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The Film Blog

A common sterotype of a digital photographer is the guy who walks around with a high-priced digital camera, blasting away with his camera, machine gun-like. I had falled into this trap as well, overshooting every event and session, and after having run considerably north of a million images through the shutters of my digital cameras, I was getting somewhat burned out.

OK, more than “somewhat” burned out.

As I have mentioned before, when people find out I collect and use oddball and old cameras they give me things. So I have in my garage quite a collection of film photography equipment, including enlargers, timers, lenses, and trays; I decided it was time to fire up the darkroom. I unboxed the Beseler 23C-II enlarger and set it up with a Gra/Labs timer, found a set of contrast filters, and mixed up all the chemicals I needed to develop and print. Or so I thought. This has been a learning experience, and it’s really kinda just the start of the journey, even five years later. I expect it will eternally be so, as the rabbit hole of film photography is an incredibly deep one, with all kinds of antechambers, offshoots, secret passageways, and staircases to nowhere.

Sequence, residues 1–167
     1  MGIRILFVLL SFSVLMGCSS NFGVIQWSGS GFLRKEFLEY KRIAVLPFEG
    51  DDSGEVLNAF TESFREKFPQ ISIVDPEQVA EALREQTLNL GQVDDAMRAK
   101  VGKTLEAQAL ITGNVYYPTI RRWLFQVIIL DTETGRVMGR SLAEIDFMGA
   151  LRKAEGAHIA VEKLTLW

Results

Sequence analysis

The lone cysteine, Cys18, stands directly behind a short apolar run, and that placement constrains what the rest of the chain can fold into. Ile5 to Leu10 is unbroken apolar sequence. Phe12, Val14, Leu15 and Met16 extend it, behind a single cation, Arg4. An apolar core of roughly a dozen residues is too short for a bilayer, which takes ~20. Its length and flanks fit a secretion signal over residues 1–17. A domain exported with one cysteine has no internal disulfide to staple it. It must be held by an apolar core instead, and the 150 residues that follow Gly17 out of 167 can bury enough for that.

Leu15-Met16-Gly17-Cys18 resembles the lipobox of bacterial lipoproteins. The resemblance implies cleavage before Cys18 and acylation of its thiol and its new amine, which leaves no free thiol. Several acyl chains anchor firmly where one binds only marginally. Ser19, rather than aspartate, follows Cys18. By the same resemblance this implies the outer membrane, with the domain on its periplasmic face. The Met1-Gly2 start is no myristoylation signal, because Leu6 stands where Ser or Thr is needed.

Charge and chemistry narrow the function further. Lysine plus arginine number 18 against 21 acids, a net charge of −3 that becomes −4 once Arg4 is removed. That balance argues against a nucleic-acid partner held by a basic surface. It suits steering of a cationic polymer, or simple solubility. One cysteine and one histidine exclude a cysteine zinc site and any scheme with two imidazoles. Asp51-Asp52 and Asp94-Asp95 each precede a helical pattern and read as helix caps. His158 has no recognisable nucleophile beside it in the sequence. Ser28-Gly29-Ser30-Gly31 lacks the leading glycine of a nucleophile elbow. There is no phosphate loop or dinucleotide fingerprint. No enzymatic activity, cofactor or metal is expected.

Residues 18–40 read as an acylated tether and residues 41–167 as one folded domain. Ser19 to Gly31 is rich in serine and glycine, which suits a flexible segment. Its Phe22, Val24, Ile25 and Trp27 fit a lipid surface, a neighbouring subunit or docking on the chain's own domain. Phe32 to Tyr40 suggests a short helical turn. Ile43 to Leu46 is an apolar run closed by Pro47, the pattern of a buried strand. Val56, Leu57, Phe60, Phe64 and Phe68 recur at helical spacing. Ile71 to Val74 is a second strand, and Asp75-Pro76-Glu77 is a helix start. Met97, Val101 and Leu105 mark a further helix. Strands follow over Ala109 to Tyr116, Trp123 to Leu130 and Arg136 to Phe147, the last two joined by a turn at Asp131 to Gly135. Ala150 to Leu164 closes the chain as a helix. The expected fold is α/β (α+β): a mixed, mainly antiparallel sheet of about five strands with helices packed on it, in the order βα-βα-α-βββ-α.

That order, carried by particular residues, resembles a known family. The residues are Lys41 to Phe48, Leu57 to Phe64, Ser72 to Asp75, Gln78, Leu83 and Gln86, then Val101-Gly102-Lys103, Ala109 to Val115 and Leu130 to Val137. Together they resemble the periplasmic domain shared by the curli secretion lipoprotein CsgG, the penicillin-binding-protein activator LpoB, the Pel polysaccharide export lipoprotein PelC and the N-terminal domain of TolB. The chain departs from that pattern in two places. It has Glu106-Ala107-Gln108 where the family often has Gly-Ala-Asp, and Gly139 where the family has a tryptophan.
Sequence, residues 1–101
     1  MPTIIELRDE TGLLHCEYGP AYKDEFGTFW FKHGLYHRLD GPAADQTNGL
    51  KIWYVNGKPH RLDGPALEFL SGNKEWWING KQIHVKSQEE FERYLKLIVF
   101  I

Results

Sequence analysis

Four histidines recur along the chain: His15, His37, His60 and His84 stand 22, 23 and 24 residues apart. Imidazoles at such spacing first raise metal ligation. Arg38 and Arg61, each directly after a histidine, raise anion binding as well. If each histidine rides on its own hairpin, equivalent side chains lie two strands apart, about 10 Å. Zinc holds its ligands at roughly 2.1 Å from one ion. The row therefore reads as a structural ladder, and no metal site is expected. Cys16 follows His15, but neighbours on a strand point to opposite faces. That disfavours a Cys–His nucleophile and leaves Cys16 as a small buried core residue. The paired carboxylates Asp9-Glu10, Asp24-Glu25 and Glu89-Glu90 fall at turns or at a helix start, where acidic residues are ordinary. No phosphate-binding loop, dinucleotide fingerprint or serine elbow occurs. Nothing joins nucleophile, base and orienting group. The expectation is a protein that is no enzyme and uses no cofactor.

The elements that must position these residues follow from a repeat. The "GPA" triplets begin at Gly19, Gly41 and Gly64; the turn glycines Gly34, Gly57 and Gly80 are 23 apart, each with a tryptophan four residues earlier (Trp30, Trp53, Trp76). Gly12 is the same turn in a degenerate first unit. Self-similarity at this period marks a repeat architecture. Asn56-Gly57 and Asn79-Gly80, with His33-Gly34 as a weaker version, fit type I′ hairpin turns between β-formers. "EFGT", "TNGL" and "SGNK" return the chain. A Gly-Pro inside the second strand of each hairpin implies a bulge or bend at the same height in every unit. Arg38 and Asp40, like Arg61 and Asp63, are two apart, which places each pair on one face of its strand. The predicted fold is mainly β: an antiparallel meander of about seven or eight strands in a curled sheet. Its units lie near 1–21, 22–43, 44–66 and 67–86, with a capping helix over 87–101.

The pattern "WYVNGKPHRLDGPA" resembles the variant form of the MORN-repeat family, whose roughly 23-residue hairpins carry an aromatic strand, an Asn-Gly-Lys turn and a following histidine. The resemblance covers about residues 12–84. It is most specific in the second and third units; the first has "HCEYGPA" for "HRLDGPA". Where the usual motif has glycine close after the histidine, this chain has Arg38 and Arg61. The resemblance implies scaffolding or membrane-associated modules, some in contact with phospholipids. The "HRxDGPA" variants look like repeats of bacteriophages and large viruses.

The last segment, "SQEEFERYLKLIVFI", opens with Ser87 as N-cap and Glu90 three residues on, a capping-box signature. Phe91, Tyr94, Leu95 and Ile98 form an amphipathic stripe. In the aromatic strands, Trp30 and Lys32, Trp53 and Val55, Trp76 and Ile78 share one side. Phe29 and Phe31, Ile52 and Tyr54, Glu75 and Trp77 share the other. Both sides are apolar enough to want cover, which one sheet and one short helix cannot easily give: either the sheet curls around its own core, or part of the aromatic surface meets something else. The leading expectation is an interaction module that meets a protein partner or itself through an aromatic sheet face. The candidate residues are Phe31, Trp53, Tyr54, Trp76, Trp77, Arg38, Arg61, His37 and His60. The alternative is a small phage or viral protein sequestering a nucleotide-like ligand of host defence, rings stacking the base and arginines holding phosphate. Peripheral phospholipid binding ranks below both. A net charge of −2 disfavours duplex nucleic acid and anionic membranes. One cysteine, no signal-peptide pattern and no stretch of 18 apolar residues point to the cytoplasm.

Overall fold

Shot with 1960s Topcon Auto100, the first camera to have aperture-priority metering
Shadows on the Wall

There is something magical about shooting film. I am not QUITE sure what that “something” is. Is it the “look?” What about the camera itself? Or the catharsis when, after standing in the darkroom dodging and burning for an hour on what looks like a blank sheet of paper, expsoing and re-exposing sections with different filters, I finally slide that paper into the development tray and, slowly at first, the image emerges as though it were there all along, just waiting to be coaxed out of the mists of silver gelatin into the daylight. Or maybe it’s the feeling I get when I frame a print I have made, or, better yet, sell an original and see the enjoyment others get from the image.

I have not yet figured this out. Let’s explore this together.